Fri12192014

News

Council seeks more options for community center

Council seeks more options for community center


Town Crier File Photo
The Los Altos City Council approved an appropriation to examine options for a new community center to replace the aging Hillview facility.

The Los Altos City Council last week voted narrowly in favor of examining further opti...

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Schools

Local schools participate in  national Hour of Code activities

Local schools participate in national Hour of Code activities


Ellie Van HOutte/Town Crier
Himan Shu Raj, a volunteer from Microsoft, advises Los Altos High ninth-graders, from left, Serhat Suzer, Jamie Bennett and Chris Yang as they participate in the school’s Hour of Code Showcase.

Local schools participa...

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Community

Take a dive into the holiday archive

Take a dive into the holiday archive

Town Crier staff made a quick cruise back through the newspaper's archives to find some late-December reading as inspiration for eating, drinking, decorating and more:

Beloved holiday books build the spirit of the season and staff at Los Altos’ Li...

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Sports

Pinewood poised for another title run

Pinewood poised for another title run


Ellie Van Houtte/Town Crier
Pinewood’s girls basketball team is receiving contributions from several new players, including freshman Stella Kailahi, above.

Complacency shouldn’t be a problem for the defending Division V state champion Pinewood S...

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Comment

Letters to the Editor

Ticket motorists for U-turns on Main Street

As I was walking downtown on Main Street recently, something came to me out of the blue. The town of Los Altos is missing out on a huge revenue stream. I realized that if all the cars – there were th...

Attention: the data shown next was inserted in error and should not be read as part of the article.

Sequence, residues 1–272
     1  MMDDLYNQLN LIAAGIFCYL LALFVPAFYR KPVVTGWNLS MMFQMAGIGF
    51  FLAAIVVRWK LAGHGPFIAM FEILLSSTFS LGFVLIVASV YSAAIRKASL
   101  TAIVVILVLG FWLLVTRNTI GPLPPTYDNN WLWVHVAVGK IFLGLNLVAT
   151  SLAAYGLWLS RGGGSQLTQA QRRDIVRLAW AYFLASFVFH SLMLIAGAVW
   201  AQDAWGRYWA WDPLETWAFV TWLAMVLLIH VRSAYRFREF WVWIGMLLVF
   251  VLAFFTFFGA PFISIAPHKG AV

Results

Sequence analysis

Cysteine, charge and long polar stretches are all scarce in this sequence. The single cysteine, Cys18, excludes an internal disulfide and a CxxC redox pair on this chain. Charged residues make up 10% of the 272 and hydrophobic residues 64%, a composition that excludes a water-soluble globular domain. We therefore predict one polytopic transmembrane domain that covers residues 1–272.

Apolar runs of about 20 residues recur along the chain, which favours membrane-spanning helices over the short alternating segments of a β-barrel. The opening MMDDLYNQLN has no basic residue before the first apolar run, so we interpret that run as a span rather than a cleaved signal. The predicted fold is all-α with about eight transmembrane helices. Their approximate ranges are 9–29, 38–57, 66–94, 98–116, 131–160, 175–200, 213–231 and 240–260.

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Special Sections

Looking Ahead

Looking Ahead


s in line to be mayor of Mountain View in 2015.

Mountain View anticipates the following changes in 2015:

• Beginning Jan. 1, Mountain View City Councilmembers will receive a raise to $1,000 per month as a result of the passage of Measure A in...

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Business

Your 2015 stock market game plan

It’s been a maddening month because of oil and gas, especially in stocks and bonds. Then, consumer spending pushed stocks higher Thursday, easing investors’ jitters about the global economy and prompting them to consider how to invest in ...

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Books

Gawande's

Gawande's "Being Mortal" proves an important book on aging


Books about death and dying are usually not on my list of “must reads.”

I couldn’t resist, however, the best-selling “Being Mortal: Medicine and What Matters in the End” (Metropolitan Books, 2014) by Atul Gawande.

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People

SANGEETA SACHDEVA

SANGEETA SACHDEVA

Sangeeta Sachdeva, 55, wife of Subhash Sachdeva and mother to Natasha and Tanya, died at 8:54pm, Sunday, December 7, 2014 from respiratory failure.

Sangeeta was born on October 18, 1959 in Delhi, India. She was born to Moti Sagar and Raj Kapoor an...

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Travel

South Tahoe renovations enhance off-mountain seasonal fun

As any enthusiast knows well, there is more to the enjoyment of winter sports than skiing or snowboarding.

While many winter resorts make minor upgrades each season, the off-mountain attractions and amenities can be as enticing as the activities on ...

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Stepping Out

Aurora Singers to emit 'Musical Glow' Friday

Aurora Singers to emit 'Musical Glow' Friday


courtesy of Aurora Singers
The Aurora Singers are scheduled to perform a seasonal concert Friday night in Palo Alto.

The Aurora Singers’ “Winter’s Musical Glow” holiday concert is set for 7 p.m. Friday at the Unitarian Universalist Church of Pal...

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Spiritual Life

Enter the superhero: Finding the God who loves you

In my life-coaching practice, I see a lot of pain. Much of it stems from fear and guilt, often expressed as low self-esteem, anxiety, a lack of forgiveness both for oneself and others, anger – and so on.

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Magazine

Christmas At Our House home tour celebrates 26 years

Christmas At Our House home tour celebrates 26 years


Courtesy of Christopher Stark
Homes on the St. Francis High School Women’s Club’s Christmas at Our House Holiday Home Tour showcase a variety of architectural styles.

The days grow short on sunshine but long on nostalgia as the holidays approach...

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A tale of two sisters: Local residents chronicle wartime experiences


Courtesy of the Wortz Family
Growing up in North Carolina, little did sisters Eleanor and Jean Thompson know that they would one day document their trailblazing.